Developing efficient methods on how to desalinate water may be one of the easiest ways to solve the freshwater shortage in the world. The ocean is vast and the processes of desalinization are simple and straightforward. Desalinization is a process that occurs in nature as the ocean waters and brackish waters are turned into rain. Reproducing the desalinization process in the most simple manner is done by distillation with a man-made still that is heated via solar power or another heat source, replicating these natural processes.
There is a worldwide movement towards increasing our knowledge of how to desalinate water on a large scale, however, it has been met with efficiency and cost prohibitions. Desalination on an individual or family basis is much more manageable and as a survival tool, it is invaluable.
Individuals may wish to learn how to desalinate water as a method of ensuring their family has an adequate supply of fresh water for drinking and cooking. Distillation, or the desalinization technique we will teach here step-by-step, also has the benefit of removing many other water contaminants and is the basis of many water purification techniques. We will also review reverse osmosis and freezing and thawing as a way in how to desalinate water.
What Is Water Desalination?
Desalinization is not a new science and has existed as a purposeful technique of water treatment for thousands of year. Converting saltwater to drinking water was, and still is, important in areas where fresh water is scarce or unavailable. Sea-going ships are where the most obvious needs have been as long-haul vessels could not always carry all the freshwater that would be needed for a journey.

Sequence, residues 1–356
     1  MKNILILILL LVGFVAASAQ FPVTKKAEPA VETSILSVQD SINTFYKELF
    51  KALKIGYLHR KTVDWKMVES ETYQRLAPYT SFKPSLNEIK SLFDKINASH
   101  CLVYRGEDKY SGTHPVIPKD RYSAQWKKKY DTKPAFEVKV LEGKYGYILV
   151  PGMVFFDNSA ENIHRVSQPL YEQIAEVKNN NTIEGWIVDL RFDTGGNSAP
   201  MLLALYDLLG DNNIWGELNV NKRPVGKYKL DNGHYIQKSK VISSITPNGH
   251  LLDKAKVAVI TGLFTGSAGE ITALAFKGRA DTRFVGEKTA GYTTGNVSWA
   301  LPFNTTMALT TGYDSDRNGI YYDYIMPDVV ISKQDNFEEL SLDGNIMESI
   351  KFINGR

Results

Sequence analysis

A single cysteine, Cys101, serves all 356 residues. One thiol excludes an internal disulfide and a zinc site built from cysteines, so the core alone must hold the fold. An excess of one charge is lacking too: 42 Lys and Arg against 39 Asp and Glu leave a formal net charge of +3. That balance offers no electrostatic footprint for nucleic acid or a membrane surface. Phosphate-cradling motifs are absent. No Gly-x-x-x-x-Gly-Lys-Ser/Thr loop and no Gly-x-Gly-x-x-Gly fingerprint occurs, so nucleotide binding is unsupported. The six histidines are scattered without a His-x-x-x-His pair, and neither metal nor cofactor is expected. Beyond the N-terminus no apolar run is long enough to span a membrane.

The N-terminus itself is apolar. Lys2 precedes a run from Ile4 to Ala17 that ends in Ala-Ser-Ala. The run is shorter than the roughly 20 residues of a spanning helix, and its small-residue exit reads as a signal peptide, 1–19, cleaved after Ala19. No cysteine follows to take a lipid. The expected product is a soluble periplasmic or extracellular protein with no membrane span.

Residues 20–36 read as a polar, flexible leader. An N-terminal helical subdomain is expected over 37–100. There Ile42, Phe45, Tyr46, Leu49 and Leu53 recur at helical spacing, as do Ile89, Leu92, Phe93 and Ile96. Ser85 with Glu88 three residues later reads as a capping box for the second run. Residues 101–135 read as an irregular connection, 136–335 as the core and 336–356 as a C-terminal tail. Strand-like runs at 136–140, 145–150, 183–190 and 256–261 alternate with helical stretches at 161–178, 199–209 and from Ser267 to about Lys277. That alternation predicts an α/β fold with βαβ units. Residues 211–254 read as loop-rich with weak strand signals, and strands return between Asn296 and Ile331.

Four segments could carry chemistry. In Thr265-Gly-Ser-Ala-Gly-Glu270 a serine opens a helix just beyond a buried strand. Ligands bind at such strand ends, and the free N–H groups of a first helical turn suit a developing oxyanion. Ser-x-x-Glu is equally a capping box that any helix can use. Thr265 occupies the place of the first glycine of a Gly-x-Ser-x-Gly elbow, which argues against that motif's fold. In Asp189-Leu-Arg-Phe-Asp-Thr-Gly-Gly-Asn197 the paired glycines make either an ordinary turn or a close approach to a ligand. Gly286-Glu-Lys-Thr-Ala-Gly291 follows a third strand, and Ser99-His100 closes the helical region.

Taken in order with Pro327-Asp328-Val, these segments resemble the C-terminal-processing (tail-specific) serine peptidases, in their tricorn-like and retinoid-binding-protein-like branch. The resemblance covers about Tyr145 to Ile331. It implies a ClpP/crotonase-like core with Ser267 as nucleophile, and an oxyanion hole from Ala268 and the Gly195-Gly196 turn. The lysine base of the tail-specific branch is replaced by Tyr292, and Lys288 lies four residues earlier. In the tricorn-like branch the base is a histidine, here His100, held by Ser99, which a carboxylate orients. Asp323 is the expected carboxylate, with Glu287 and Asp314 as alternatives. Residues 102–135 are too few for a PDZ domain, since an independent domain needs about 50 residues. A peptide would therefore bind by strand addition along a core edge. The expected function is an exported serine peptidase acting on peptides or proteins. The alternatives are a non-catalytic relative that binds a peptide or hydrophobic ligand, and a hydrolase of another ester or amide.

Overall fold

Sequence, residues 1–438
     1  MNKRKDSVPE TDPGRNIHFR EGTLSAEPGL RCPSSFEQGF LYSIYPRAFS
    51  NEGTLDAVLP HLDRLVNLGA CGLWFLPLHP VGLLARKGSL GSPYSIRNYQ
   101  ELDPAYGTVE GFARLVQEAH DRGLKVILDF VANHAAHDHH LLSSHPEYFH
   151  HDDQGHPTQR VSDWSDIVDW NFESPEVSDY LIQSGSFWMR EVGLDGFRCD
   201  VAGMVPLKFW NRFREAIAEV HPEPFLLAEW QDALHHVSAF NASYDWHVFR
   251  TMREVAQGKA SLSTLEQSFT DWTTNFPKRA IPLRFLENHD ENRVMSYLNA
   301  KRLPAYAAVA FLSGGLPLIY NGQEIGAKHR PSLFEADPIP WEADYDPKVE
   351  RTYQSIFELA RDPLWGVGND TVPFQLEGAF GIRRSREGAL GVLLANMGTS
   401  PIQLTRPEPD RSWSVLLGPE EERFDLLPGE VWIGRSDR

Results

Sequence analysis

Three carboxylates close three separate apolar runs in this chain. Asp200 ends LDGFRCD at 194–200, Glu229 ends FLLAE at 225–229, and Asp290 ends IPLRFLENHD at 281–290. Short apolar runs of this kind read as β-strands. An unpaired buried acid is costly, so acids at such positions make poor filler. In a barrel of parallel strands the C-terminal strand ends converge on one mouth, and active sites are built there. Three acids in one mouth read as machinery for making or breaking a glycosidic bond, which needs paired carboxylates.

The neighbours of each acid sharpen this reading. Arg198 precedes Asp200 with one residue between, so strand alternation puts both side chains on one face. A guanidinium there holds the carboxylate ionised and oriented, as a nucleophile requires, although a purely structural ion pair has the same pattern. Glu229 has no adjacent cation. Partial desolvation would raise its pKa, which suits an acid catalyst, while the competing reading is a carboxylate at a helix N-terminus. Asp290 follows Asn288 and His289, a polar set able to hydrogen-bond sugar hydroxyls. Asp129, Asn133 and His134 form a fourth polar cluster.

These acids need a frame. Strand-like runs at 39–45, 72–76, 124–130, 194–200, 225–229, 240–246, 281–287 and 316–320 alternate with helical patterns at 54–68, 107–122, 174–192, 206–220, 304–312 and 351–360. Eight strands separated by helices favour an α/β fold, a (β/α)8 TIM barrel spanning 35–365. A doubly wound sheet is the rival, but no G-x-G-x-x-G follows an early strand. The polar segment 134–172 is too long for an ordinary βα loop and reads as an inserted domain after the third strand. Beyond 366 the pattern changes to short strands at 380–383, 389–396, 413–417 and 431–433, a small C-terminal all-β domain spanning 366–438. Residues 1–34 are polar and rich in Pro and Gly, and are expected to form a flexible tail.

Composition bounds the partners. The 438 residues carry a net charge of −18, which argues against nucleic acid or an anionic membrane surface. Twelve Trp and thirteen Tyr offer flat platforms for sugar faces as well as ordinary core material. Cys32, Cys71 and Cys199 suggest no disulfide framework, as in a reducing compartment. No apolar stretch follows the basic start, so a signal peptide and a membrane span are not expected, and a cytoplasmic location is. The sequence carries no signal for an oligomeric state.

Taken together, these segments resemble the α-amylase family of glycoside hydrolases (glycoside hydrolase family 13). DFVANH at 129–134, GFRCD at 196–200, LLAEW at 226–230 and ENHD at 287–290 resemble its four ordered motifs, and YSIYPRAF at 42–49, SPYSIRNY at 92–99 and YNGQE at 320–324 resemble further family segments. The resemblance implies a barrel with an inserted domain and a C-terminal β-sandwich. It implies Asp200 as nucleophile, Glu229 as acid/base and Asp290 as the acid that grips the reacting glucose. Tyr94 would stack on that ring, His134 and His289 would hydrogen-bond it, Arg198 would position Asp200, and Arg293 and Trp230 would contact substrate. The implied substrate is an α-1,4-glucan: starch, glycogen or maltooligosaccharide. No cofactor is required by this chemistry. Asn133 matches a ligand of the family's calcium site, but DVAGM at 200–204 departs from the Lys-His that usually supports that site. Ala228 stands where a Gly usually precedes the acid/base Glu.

Water desalinization is the process of turning saltwater, of various saline consistencies, into drinkable freshwater. When discussing how to desalinate water, it is important to be aware of a few key terms:
How to Desalinate Water Using Distillation: 9 Simple Steps
Desalinating water is actually quite simple if you use distillation. Removing the salt from seawater or brackish water can be done on an industrial scale or on a personal scale, and can even be taught to children. Creating your own distillation and desalinization device requires only a few simple tools and sunshine. We are going to use standard household items to demonstrate this technique, but you can adapt it or scale it to your need provided you follow the same principles.